Off Topic: Critical Thinking about Marijuana Use

I don’t smoke pot, so I don’t have a significant personal stake in questions about the risks and dangers of marijuana use.  I am glad that my state recently legalized marijuana, but I think it should be legal whether or not it has significant health and safety risks, just like smoking tobacco and drinking alcoholic beverages is legal even though these activities clearly have significant health and saftey risks.
Ever since I was a young person I have noticed that many people have a strong prejudice towards belief that marijuana use has serious health and saftey risks.  But the evidence never seems to support the desire of many to find some serious risk or danger with the use of this substance.
I recently read an article in the Seattle Times with this title:
Heavy pot use can damage short memory
The article summarized a recently published study on marijuana use.  I immediately thought to myself, “I bet that they found a fairly small degree of short-term memory degradation correlated with heavy marijuana use and no other significant impacts, and are sounding the alarm here, when there is very little to be concerned about, as has been the case with dozens or hundreds of other studies like this over the past several decades.”  When I read the article, I found that my initial hunch was spot on.
The real implication of the study is that even very heavy use of marijuana has very little impact on cognitive functioning.  The study basically shows that marijuana is an extremely safe and low-risk drug, at least in terms of impacts to one’s mental abilities.
1. “the subjects took a battery of tests designed to assess cognitive ablilities: memory, focus, ability to make quick decisions, etc.”
Lots of mental abilities were tested, so one would expect that it would be somewhat likely that ONE of the various tests would show a negative impact correlated with heavy marijuana use, even if there was no actual causal connection.  The more tests you run, the greater the chance of coming up with a false correlation, a correlation that happens by chance rather than because of a causal connection between the drug and the ability being tested.
Although several different sorts of cognitive abilities were tested, only ONE showed a significant correlation between heavy marijuana use and lower scores on that cognitive ability test:
2. “…other cognitive abilities researchers tested–focus and processing speed–did not seem to be significantly impacted by heavy marijuana use.”  “…you can smoke weed literally every day for five years, and not have it impact your problem-solving abilities or your ability to focus at all.”
The researchers “examined data on the marijuana habits of nearly 3,400 Americans over a 25-year period.”
Here is where they discovered a correlation between heavy marijuana use and lower scores on a cognitive ability test:
The subjects were told “a list of 15 words” and asked to memorize the words.  25 minutes later, the subjects were asked to “recall all the words to the best of their ability.”  The people who never smoked marijuana or only smoked it occasionally remembered 9 words on average.  But people who “smoked pot every single day over a period of five years” could remember only 8.5 words on average.  Holy Shit!  If you have to quickly memorize lists of a dozen or more words, then you are at risk of remembering one less word than other people who don’t smoke if you smoke pot every single day for five years.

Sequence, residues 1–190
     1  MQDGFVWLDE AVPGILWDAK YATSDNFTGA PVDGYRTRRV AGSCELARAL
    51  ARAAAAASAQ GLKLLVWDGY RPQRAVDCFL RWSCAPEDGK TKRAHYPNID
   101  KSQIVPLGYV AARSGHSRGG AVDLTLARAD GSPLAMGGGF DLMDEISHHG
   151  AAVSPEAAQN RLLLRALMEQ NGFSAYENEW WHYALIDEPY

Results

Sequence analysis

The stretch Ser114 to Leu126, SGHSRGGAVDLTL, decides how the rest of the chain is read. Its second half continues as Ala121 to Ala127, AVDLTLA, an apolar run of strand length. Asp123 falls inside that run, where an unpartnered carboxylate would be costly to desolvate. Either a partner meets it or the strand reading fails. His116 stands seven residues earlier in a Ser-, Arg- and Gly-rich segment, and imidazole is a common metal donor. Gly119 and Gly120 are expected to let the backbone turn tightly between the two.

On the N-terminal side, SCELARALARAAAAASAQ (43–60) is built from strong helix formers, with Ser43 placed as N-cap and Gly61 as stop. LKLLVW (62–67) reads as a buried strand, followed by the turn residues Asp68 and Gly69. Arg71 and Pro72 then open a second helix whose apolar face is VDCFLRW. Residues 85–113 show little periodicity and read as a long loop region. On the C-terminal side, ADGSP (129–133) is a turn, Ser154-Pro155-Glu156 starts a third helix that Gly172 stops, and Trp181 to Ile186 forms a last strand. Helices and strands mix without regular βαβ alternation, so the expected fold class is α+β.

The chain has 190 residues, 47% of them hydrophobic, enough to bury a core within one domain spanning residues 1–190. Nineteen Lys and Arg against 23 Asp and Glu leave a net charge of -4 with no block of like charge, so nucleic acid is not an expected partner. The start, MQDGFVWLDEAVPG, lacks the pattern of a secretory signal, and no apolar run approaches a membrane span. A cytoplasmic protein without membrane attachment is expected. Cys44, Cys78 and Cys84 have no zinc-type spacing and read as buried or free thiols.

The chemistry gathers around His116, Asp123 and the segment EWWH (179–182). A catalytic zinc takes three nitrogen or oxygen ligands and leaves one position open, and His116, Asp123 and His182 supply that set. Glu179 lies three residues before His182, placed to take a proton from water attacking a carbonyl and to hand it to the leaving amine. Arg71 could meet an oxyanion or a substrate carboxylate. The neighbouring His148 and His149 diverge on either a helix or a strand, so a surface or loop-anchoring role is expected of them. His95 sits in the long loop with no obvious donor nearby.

The effect appears to increase as the number of years of heavy marijuana use increases, so it is estimated that if a group of people smoke pot every day for 25 years, these people would remember on average “2.5 fewer words” than a group of people who “had smoked occasionally or not at all over the same period”.  So, smoking pot every day for 25 years would likely result in being able to quickly memorize a couple less words out of a list of 15 words than one could have done otherwise.  One might only recall six or seven of the 15 words instead of nine of them.
So, this study of the effects of marijuana use on cognitive abilities showed that daily use of marijuana for five years has practically no significant impacts on any cognitive abilities, and that in order to get even a small impact on short-term memory, one would have to smoke pot every day for 25 years.
The portion of the population that smokes pot every day for several years is small.  In the study, about 8% of the subjects had more than five “marijuana-years of exposure”.  Five “marijuana-years” could be either from smoking pot every day for five years, or from smoking pot every other day for ten years, or smoking pot once every three days for fifteen years, and so on.
The article does not mention whether anyone in the study had more than ten marijuana-years of exposure, but that would probably be only a fraction of the 8% who had more than five marijuana-years of exposure.  And those who have had more than 20 marijuana-years of exposure would be only a fraction of that fraction.  So, the small impact of being able to memorize a couple fewer words than others who don’t smoke marijuana or don’t smoke frequently, is only a risk for probably less than 2% of the population.
The lesson to be learned:  
When there is a widespread prejudice against something (like marijuana use), be suspicious of headlines and summaries of reports of research that has supposedly discovered correlations of that thing with some risk or danger or other undesireable outcomes.
Read the details.  The devil is in the details of such research findings.  People and reporters are looking for evidence that supports their prejudices, and they are not so good at looking for evidence that goes contrary to their prejudices.
 

This article is archived.